Sunday, April 29, 2007

Unbreakable

Most Goalie Playoff Wins
Associated Press

151 - Patrick Roy, Colorado, Montreal
94 - x-Martin Brodeur, New Jersey
92 - Grant Fuhr, Edmonton, Buffalo, St. Louis
88 - x-Ed Belfour, Chicago, Dallas, Toronto
88 - Billy Smith, N.Y. Islanders

5 Comments:

At 4:33 AM, April 29, 2007, Blogger Doogie said...

Brodeur's 33, figure he plays for five to seven more years (38-40), and he's 57 wins away. Going back to the start of the playoffs, that's 62 wins needed, or approximately four Stanley Cups, five conference championships, or eight CC berths. Awfully sketchy, I think.

 
At 1:12 PM, April 29, 2007, Anonymous Frank said...

In the new NHL with its salary cap and unrestricted free agency at 27, we will NEVER see long lived "dynasty" teams like Montreal, Colorado and Edmonton, ever again.

Like the NFL, today's Stanley Cup winners will likely finnish in the bottom half of the league within two or three years of their championship season - and have to start to rebuild after loosing half of their "star" players to free agency, because they have no "cap" room.

As a result, Roy's record, and all similar types of Stanley Cup appearrance, winning and scoring records are likely safe forever.

The only exception would be if the NHL expands the playoffs in the future to include all teams,and goes to best of 11 series(which I wouldn't bet against)!!!

 
At 1:44 PM, April 29, 2007, Anonymous Anonymous said...

Roy's numbers are unbelievable. Back when Hasek was with the Sabres I looked at Roy's stats (save percentage, goals against) and wondered what made him "great."

Now, with Miller in the net for the Sabres I think I might understand better--he doesn't have Hasek's gaudy numbers, but I'm more confident with him in the net.

But to play the contrarian, Miller has great players in front of him, as did Roy and Fuhr for that matter (not to equate the current Sabres with the Oilers or Montreal, though as a Sabres fan I'd like to).

Is that the difference? Is your ideal goalie a skilled team player who keeps you in the game and doesn't flinch in terms of worrying about the last goal they gave up (even when it shouldn't have got in)?

Basically, how significant really are GAA and WIN% in terms of evaluating the greatness of a goalie? And how much of Roy or Fuhr's greatness is the supporting cast? I'd love to hear you write about this subject James.

And oh yeah, GO SABRES!

p.s. This blog is awesome.

 
At 4:43 PM, April 29, 2007, Blogger Tyler said...

Roy's numbers are unbelievable. Back when Hasek was with the Sabres I looked at Roy's stats (save percentage, goals against) and wondered what made him "great."

I would submit that Roy's numbers - save percentage in particular - were great as well. Hasek's peak is quite possibly the greatest peak of all time but just because Roy's isn't quite as good is no reason to downgrade him. I'm not as impressed with the wins - Roy and Brodeur played on much better tams than Hasek.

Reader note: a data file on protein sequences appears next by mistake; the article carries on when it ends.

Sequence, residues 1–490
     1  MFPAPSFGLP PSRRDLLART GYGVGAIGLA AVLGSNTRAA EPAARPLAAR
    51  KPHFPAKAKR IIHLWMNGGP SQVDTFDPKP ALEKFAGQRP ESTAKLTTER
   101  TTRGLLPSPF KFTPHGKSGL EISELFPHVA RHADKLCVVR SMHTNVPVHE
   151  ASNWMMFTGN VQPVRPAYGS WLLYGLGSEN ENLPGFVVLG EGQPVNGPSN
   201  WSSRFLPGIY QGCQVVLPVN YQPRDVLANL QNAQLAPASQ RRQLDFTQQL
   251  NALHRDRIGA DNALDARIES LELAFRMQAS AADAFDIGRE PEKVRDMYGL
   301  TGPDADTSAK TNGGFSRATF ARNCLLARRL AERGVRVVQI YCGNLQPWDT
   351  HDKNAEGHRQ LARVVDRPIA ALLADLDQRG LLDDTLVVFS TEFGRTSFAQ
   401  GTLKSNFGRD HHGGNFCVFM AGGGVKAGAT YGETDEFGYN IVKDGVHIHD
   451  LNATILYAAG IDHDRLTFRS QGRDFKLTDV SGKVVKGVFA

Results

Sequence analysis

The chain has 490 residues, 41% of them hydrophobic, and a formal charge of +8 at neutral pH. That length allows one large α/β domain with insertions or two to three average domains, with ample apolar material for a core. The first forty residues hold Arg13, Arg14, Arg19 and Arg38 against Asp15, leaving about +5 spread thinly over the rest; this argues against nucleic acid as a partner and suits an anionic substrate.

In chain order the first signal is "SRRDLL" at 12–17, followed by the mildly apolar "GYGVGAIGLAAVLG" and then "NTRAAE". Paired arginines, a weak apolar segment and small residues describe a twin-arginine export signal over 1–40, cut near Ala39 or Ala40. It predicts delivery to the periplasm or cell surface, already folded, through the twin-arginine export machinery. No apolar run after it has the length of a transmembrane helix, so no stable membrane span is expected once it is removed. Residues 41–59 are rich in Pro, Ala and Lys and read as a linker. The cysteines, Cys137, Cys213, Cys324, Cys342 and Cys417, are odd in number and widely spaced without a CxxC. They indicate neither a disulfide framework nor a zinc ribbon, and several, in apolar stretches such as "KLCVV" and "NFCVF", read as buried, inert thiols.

At 5:02 PM, April 29, 2007, Blogger J. Michael Neal said...

Like the NFL, today's Stanley Cup winners will likely finnish in the bottom half of the league within two or three years of their championship season - and have to start to rebuild after loosing half of their "star" players to free agency, because they have no "cap" room.

Sigh. This simply isn't the case, or, at least, the NFL doesn't provide any evidence to support this argument. There are two reasons why reason there is so much turnover in the standings in football. The secondary reason is the extent to which injuries play a key role in success; since football has more injuries, and quarterback is such a key position, injuries affect outcomes more often than any other sport.

The primary reason for the success turnover is that you are working from a 16 game season, rather than an 82 game season. That increases the variance in expected outcomes enormously. Beyond the top couple of teams, who are clearly better than the opposition, who makes the playoffs in the NFL is mostly a random selection. Because everyone knows that it's only a sixteen game season, the effect isn't quite this great, but go back and check the NHL standings sixteen games into the season. As I said, it's pretty much random, rather than being the set of teams that an 82 game season indicates are the best.

I lost the spreadsheet when I switched computers, but I did an analysis of the first ten years after the NFL imposed the cap, and compared it to the last ten non-strike seasons. I tested every measure of competitive balance I could think of, and the only one that showed an increase in the number of different teams that won the Super Bowl. All of the others showed that there was no real difference. I looked at the number of repeat division winners; number of repeat playoff teams; number of different teams to play in the Super Bowl; number of games between first and second in each division; number of games between first and last in each division; average margin of victory in games; and about a dozen other measures. In fact, most of them showed a slight, and statistically insignificant, decrease in the amount of year-on-year turnover in success.

Salary caps do not have the effect that their advocates say they do.

 

Post a Comment

<< Home

Links to this post:

Create a Link


.

Free Page Rank Checker
eXTReMe Tracker